Business in Thailand - Invest or Not?

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Investing in any business, anywhere in the world is a risk and in the current economic climate, this fact is more than valid. 

The old adage about only ever investing as much as you can afford to lose has never been truer, and investing in Thailand is certainly no exception. 

But there are factors, both good and bad which make Thailand different. 

I was told by the MD of a civil engineering company that Thailand was the most difficult place he had ever encountered, from a 'doing business' point of view. 

His previous experience included several small states in Africa including Somalia, so that gives an indication of the difficulties here. 

That has to be countered with the positive, entrepreneurial side of the country, where ventures can get going quickly, and as long as you are willing to put in the effort, then that venture will have a fair chance of being successful. 

The rules governing foreign ownership and investment are enough to make many people shirk away from the idea. 

The most obvious is the rule that says a foreigner can only own 49% of a company operating in Thailand, and the remaining 51% has to be Thai owned. 

This applies to all countries except the United States since there was an agreement back in the 1920's offering the US exemption from that rule. 

Employment of foreign nationals is another one. This is a pro rata system where by for every four Thai nationals, one foreigner is allowed to work, with a work permit. 

There's the rule about company capital, visas, permits and a whole host of minor requirements, which mean the first stop for any serious investor is a good Thai lawyer, or one who knows Thai legal law inside out. 

There are plenty about, but some are better than others - they all claim to know the legal aspects of company ownership, but some are just after your money. Nothing new there then. 
Perhaps the most difficult aspect of doing business and being successful, outside of the expatriate community, is the 'Thai Way'. 

As an investor/business partner in a marketing company I was heralded as a new beginning for a company. 

However I also had a Thai business partner who had absolutely no intention of doing international business. 

I was paraded around 'friends' to be introduced to people who spoke little or no English, and who appeared to be returning favors by meeting up and looking interested. 

Unfortunately Thailand's business community is extremely insular, and without knowing people from school days, or whose family knows, this person, that person etc, the reality is that any attempts at trying to break into that clique are going to be met with resistance.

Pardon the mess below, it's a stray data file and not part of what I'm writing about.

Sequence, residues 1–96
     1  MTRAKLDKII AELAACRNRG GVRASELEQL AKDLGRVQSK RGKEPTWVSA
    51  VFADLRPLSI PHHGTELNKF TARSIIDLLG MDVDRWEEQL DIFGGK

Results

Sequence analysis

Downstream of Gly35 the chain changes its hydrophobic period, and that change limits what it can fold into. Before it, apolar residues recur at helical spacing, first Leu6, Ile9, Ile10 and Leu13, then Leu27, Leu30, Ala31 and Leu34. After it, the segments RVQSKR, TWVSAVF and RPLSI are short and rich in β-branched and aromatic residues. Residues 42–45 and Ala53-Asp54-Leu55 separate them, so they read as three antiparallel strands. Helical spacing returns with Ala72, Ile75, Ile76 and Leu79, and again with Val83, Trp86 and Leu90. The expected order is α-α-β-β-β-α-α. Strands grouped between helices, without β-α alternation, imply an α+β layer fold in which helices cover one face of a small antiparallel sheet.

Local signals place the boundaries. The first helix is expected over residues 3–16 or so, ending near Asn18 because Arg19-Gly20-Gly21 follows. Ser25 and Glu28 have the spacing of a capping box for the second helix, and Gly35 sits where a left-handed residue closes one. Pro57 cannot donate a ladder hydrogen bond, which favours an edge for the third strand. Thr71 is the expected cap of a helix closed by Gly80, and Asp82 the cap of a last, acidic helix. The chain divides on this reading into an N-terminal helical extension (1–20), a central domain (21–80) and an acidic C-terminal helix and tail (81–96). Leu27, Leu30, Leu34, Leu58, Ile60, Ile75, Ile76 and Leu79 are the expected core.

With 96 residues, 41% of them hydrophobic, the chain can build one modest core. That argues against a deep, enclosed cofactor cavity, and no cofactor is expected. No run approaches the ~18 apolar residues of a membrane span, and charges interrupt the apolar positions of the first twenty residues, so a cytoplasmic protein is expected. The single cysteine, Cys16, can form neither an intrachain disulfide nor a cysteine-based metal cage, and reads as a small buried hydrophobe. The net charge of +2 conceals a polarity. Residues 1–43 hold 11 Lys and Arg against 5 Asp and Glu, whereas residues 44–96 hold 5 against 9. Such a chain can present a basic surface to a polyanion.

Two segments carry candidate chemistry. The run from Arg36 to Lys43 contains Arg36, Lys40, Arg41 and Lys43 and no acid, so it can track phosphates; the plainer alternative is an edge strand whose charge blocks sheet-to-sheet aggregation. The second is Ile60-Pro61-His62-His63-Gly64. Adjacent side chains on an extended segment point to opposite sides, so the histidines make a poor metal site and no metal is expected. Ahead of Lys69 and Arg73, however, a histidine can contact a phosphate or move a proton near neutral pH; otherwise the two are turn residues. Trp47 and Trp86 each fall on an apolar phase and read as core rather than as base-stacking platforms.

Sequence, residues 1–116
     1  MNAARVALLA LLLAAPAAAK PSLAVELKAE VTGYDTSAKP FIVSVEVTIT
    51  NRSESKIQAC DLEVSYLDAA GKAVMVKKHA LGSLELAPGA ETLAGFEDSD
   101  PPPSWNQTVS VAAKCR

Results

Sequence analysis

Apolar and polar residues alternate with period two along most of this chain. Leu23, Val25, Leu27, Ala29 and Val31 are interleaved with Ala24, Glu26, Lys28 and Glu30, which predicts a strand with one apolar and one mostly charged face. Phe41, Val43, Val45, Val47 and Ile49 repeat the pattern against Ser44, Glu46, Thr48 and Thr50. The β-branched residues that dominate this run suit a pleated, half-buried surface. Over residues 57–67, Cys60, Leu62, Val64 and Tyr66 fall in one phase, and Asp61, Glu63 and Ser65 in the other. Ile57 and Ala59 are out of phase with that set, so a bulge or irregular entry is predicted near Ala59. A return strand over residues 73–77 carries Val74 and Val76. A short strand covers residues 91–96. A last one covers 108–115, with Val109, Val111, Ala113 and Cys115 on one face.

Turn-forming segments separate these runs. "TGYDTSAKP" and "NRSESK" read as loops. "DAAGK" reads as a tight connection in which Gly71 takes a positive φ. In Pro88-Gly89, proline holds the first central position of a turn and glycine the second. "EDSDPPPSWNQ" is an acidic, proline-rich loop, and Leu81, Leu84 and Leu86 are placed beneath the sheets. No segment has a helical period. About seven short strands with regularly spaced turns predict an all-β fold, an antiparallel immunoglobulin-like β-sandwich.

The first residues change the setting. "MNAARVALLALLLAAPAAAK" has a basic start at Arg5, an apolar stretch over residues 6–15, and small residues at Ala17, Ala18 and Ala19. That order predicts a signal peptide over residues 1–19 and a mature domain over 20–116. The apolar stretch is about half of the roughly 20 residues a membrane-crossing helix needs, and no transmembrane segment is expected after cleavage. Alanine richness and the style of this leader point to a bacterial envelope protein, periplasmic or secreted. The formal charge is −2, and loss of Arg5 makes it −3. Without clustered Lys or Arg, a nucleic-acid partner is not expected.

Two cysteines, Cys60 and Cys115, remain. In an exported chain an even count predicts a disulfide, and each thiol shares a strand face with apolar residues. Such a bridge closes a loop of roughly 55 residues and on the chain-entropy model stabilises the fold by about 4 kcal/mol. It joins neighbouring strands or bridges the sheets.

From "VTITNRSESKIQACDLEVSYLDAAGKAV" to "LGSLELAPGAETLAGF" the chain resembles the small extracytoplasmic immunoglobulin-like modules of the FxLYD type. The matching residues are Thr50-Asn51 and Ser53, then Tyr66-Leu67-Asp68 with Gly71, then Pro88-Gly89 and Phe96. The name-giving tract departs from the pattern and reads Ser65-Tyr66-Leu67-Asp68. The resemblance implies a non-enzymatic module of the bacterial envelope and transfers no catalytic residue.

It all looks very nice and friendly on the surface, but that's as far as it goes. 

If a foreign investor is willing to sit back and be a spectator, then that is probably a better option than trying to move within Thai business. 

Leaving the actual workings of a company to the Thai shareholder will be far more profitable and less frustrating than hoping to 'make a killing' with new orders or to bring new business into a company. 

Selling within the expatriate community, such as those In property, beer or financial services is one thing, but trying to sell a service product to a Thai business is quite another. In truth that is less likely to happen. 

The language will always be a problem, and I sat in meetings for hours where not a word of English was spoken despite knowing that at least half of the people there could have translated for me. 

Again, it's very frustrating and in some cases I have to say, downright rude. But that is the way it works in Thailand, and if a Thai business person doesn't want the foreigner to know what he or she is saying, they start talking in Thai (on the presumption that the foreigner would not have the language skills to understand). 

Having a unique language is quite an advantage and is used regularly to get out of tricky situations. 

This all looks as though the idea of being involved in Thai business is something of a nightmare, and there are probably as many who have worked their way around the problems as there are who have walked away. 

Given a decent business partner who is willing to accept some new ideas and is willing to work as an equal as against someone who simply wants to 'show off', then it can be successful. 

The ethics and principals of business in Thailand are just about the same as anywhere else, but the difference here is that those principals are easily bent and there is less transparency. 

There are many stories where companies have had to delve to underhand techniques to progress, and I would say that is more prevalent here than in most business communities. 

The need to do extensive and lengthy research is vital, and this is not just the due diligence on the company. 

It also means checking out the history of your prospective business partner. 

I found out things which had I known about earlier would have made me think again. 

It may mean employing a security company or agency to research a person's history and business background, but at the end of the day, that will be money well spent. Tread carefully!
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